Loctite

Discussion in 'The Garage' started by lightsorce, Sep 9, 2007.

  1. dirty_sanchez

    dirty_sanchez Dirty_Sanchez

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    Taranis-

    Blue or Red would be fine. Good that you're already familiar with the blow torch trick for removal of fasteners with red threadlocker.

    If you went the red 263 route, you'd likely have to use a little crack pipe size torch to soften the material up enough to allow you to remove the fasteners.

    If you didn't want to go that route, pn. 1329837, the blue 243 primerless threadlocker would be fine as well in my opinion.

    Of course my opinion is worth exactly what you paid.

    Seriously, the blue would be fine.

    Dirty
  2. cat

    cat Long timer

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    Something i've been wondering about, related to brake disc bolts...
    For Ti disc bolts, bolts (like Pro-Bolt), they always say to use anti-seize because of the galling of Ti. But that bothers me a bit - for obvious reasons. So, i wonder, what is the expert opinion on it?
  3. dirty_sanchez

    dirty_sanchez Dirty_Sanchez

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    Stainless and Titanium are both very sticky metals. Not sticky like a piece of tape, but sticky as male and female threads are placed under high sliding loads.

    Titanium is stickier than stainless. Because of this stickiness some sort of lubricant is strongly encouraged to lessen the tendency of these metals from cold welding themselves together and causing headaches. For threaded stainless fittings used to seal fluid or air, if some sort of lubricant isn't used, you tighten the widget up and hear a creak, or feel grabbiness of some sort, and the fitting is gonna leak. The creak or grabbiness is the slow moving high load surfaces destroying all sealing ability.

    In the application of a brake rotor being bolted to a hub, there's a tremendous amount of loading taking place. This side or shear loading of the threaded fastener actually stretches all components. None of us have the tools to measure the stretching and side loading. If we were to use an anti-seize in this application, grease and metal dust will allow you to tighten the fastener up to the point the proper clamp load has been introduced......BUT, nothing worth mentioning is used to fill the gap created between the male and female thread roots. You're depending on the elasticity of the threaded fastener to maintain a sufficient clamp load. Repeated side loading of the threaded fastener (every time you apply the brakes) might cause loosening. I'd rather not take that risk.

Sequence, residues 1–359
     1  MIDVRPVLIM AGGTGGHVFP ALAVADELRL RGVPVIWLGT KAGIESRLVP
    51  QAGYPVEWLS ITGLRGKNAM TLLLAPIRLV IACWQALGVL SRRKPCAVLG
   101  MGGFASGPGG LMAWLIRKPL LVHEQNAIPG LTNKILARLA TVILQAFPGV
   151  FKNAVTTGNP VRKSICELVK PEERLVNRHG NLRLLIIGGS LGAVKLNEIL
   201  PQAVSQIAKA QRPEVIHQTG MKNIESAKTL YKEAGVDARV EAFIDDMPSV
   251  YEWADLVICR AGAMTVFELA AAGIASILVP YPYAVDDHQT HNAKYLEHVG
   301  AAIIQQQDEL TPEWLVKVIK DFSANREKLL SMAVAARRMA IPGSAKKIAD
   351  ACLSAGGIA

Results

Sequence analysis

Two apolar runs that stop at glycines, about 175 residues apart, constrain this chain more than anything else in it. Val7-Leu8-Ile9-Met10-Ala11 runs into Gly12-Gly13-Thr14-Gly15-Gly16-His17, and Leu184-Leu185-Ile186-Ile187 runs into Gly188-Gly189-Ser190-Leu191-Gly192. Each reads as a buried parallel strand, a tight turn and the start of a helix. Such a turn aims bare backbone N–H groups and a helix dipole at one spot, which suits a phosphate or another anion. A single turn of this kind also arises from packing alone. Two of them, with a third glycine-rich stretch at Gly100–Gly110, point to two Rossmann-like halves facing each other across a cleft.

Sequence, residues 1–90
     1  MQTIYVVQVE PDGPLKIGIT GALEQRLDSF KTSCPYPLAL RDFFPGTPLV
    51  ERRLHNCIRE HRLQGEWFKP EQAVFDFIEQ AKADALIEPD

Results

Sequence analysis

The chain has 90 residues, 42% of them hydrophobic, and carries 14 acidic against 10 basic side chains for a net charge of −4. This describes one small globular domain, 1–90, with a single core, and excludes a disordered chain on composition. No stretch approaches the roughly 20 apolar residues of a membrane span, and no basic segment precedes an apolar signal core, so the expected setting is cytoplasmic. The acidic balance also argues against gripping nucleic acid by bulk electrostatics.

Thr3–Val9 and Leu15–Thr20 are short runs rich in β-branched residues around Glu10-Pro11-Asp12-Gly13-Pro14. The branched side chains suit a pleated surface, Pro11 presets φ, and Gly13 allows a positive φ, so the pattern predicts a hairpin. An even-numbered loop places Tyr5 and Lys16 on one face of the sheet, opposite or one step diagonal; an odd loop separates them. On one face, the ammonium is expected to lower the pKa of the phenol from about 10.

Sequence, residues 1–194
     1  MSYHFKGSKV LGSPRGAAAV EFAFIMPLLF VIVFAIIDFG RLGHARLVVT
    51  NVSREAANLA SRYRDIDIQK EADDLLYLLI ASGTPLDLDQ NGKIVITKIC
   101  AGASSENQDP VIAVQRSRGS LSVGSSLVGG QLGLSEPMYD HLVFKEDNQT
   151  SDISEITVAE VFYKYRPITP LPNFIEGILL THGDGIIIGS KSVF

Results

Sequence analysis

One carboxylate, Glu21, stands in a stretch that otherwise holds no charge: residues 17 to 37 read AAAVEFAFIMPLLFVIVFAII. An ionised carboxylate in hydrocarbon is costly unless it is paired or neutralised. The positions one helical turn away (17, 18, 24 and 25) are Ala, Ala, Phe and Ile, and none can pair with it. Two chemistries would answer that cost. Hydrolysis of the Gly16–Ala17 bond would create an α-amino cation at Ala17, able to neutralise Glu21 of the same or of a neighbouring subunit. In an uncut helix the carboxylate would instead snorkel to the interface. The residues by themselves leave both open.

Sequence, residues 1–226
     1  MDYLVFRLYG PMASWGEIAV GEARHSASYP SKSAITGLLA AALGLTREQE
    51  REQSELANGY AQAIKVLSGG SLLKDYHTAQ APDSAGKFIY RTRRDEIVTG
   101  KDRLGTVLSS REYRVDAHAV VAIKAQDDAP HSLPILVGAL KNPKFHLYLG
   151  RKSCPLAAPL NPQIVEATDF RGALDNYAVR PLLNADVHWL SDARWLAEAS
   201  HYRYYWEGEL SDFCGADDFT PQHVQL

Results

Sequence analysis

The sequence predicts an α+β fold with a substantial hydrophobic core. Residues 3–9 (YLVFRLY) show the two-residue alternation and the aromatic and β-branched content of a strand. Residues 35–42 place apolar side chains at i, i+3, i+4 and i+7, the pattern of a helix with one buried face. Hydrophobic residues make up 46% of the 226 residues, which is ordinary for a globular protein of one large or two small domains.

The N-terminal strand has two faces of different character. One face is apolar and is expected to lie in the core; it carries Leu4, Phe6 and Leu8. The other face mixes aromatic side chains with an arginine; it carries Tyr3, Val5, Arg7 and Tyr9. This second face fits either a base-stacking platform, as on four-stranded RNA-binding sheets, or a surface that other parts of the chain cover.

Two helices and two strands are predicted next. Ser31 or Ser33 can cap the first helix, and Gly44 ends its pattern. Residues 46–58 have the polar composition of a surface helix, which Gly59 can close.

Earlier in this thread I get into the purpose of an anti-seize as it relates to slowing/stopping galvanic corrosion-you'll learn more once you find that post.

    Just like an anti-seize, by using a threadlocker on the other hand will give you the same lubricity to achieve the same clamp load, you'll still be dealing with the same degree of fastener elasticity....BUT as side loading is induced (brake application) and as the rotor goes through heating and cooling cycles, you'll never loose the clamp load because the airspace contained between the male and female thread roots is fully supported by a hard thermoset plastic.

    Dig?

    Dirty
  4. cat

    cat Long timer

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    Thanks, Dirty, just what i needed. I'll get to finding that post on anti-seize later today.
  5. go4mini

    go4mini Been here awhile

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    :d
  6. wheels

    wheels Practicing to retire

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    :thumbup

    Originally Posted by idscarecrow
    dirty_sanchez, i hope you get paid extra for this, or at least you do it on work time. You are the best damn factory rep i have heard of. I always read this thread, and you have the most thorough, correct, no-bullshit answers around. Thanks for the education in loctite.
  7. dirty_sanchez

    dirty_sanchez Dirty_Sanchez

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    Thanks Guys-

    If you don't dig your gig you need to find another...and I'm not looking.

    Dirty
  8. obfuscation

    obfuscation n00b

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    As many others have said, thanks for a great resource you're providing here.

    I'm rebuilding a '64 Jeep with tapered axle shafts. The hubs are attached to the axle shafts by a tight fitting taper and a big nut. There is a keyway too, but you really want the taper to carry the torque. In the factory service manual (from the 60s), it suggests that a loose hub can be fixed by applying white lead to the axle shaft on assembly. White lead was once used as a thread locker, but surely there is a superior product for this. It also needs to be removable without heating the parts too much. What would you recommend?

    Thanks very much!

    Exploded view of axle:
    [​IMG]
  9. dirty_sanchez

    dirty_sanchez Dirty_Sanchez

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    Ob- I'd go with something called 660 Quick metal. It's made for keyed assys similar to this sort of application.

    Clean and degrease all surfaces, draw a bead into the key slot, fit the key, and smear a bead across the contact area of the OD of the shaft, slide on the hub/spindle, then torque to spec within 5 minutes. Let it sit for 24 hours before going rock crawling.

    For removal, you'll need a sturdy 3 jaw puller, or an enerpac hydraulic puller.